Self-driving Tesla SUV saves Branson man's life

Published: Aug. 6, 2016 at 7:11 PM CDT
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The future is coming, actually, it just drove into the driveway.

We're talking about a Tesla Model X.

Joshua Neally is a Springfield lawyer who lives in Branson. Every day, he commutes up highway 65.

He just bought a high-tech Tesla Model X a couple weeks ago.

"It's the ultimate gadget. It's the coolest technology I've ever seen I would say, let alone owned," says Neally.

Neally likes to show off what's under the hood... a trunk. There's no gas engine, it's all electric. The SUV is full of cool tricks like the cutting-edge 'autopilot' feature.

"I would characterize it as the ultimate cruise control," Neally explains about the autopilot.

Look ma! No hands! It's not an atonomous car, but it will stay in its lane, maintain speed, even brake to avoid crashes.

Neally says the car allows him to take his hands off the wheel for up to four minutes at a time. Then the car lets him know he needs to take the wheel at, least briefly, or else it looks for a spot to pull over and stop on the side of the road.

Designed to avoid accidents, it's a controversial feature. Some people don't trust robots behind the wheel.

In May, a man driving a Tesla on autopilot was killed in a much-publicised crash in Florida.

It cast doubt on the capabilities of the technology.

Then, just a week after Josh bought his space ship on wheels, he was in the middle of his commute home for his daughter's birthday, when he felt a sudden pain.

"A little past Highlandville it just hit where it was the most excruciating pain I've ever had," Neally remembers.

He didn't realize he was having a pulmonary embolism. The blockage of an artery in his lungs could have been fatal.

"It was kinda getting scary. I called my wife and just said 'somethings wrong' and I couldn't breathe, I was gasping, kind of hyperventilating," Neally says he was writhing in pain, and totally distracted from driving.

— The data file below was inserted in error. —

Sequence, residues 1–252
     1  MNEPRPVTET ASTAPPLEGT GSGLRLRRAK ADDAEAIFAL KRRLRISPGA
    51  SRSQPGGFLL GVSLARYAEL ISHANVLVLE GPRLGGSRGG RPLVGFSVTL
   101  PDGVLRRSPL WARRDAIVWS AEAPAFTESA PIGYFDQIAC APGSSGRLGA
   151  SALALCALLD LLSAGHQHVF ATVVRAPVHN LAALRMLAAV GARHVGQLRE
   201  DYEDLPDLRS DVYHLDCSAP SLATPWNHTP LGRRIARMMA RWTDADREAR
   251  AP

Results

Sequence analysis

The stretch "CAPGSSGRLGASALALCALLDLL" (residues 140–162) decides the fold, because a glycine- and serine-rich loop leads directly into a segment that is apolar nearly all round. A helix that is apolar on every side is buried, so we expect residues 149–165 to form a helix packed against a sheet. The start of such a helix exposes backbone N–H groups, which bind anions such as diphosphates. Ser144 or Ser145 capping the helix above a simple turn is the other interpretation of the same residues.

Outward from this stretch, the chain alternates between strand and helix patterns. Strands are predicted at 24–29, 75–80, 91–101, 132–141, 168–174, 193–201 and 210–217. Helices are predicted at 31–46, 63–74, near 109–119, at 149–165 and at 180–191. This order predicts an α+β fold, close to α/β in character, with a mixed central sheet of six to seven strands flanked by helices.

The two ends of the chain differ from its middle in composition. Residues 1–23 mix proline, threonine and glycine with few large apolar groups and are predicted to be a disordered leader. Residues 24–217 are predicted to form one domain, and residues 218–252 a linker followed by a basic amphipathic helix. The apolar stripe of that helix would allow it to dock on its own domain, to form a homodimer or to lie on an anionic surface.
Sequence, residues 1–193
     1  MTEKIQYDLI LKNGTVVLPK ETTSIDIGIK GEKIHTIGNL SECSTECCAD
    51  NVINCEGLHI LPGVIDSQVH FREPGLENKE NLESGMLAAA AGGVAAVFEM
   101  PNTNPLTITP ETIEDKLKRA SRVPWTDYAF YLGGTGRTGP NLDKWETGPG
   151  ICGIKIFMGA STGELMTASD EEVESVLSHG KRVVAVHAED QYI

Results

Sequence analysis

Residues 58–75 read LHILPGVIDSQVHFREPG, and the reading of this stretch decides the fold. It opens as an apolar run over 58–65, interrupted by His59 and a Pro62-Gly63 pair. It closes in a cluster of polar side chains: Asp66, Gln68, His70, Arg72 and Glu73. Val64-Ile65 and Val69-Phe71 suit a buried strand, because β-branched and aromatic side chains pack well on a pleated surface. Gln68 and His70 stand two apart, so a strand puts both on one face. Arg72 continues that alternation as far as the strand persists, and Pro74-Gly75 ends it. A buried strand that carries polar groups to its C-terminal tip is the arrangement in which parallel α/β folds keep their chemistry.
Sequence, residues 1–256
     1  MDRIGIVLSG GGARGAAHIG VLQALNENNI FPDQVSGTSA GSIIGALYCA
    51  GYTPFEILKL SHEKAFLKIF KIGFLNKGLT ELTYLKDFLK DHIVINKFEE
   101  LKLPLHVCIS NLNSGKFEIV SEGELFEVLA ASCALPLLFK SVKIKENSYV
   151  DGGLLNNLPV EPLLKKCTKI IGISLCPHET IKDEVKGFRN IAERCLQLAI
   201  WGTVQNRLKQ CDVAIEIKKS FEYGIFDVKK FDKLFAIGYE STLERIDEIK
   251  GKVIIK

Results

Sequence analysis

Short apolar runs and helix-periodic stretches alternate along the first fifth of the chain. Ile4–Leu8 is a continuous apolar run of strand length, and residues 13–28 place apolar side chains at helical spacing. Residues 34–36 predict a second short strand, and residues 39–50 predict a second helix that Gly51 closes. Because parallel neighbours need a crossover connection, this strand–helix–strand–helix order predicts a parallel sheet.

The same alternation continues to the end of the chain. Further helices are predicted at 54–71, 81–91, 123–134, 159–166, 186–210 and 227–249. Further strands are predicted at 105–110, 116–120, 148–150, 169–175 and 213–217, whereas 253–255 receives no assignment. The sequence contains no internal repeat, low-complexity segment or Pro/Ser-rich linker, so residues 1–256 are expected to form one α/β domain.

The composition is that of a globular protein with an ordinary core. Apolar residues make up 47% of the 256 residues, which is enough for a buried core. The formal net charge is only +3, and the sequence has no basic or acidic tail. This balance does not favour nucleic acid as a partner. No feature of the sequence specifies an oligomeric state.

"I just knew I had to get there, to the ER," says Neally.

So he trusted the self-driving Tesla to stay on the road, until it got near a hospital. Josh was able to drive himself the last couple of blocks to the ER.

Now Neally says he's recovered and is recieving treatment for the issue.

Neally says the Tesla may have saved his life, it certainly helped. It allowed him to get to the emergency room instead of having to pull over and wait for an ambulance.

"I'm very thankful I had it for this experience," Neally says he doesn't want to imagine what might have happened if he'd been in a car that didn't have the autopilot feature.

Now his story is being seen as a counter-example to that fatal Florida crash. In fact, the story is already hitting international headlines.

"If something like that happens where I become unconscious or incapacitated while I'm driving, I'm not going to cross over the interstate and slam into somebody or slam into one of the big rock walls," Neally says. He points out that if he had fallen unconscious, the Tesla would have pulled itself safely to the side of the road after a few minutes.

Joshua says he loves his new car, and thinks self-driving features could save more lives.

"It's not going to be perfect, there's no technology thats perfect, but I think the measure is that it's better and safer."

Neally demonstrated the autopilot feature for the KY3 camera by briefly taking his hands off the wheel, but he says he tries to be an attentive driver and generally keeps his hands on the wheel. That's what Tesla recommends, that the driver remain attentive and ready to take control of the wheel. Tesla says the feature should be treated the same as cruise-control on other cars.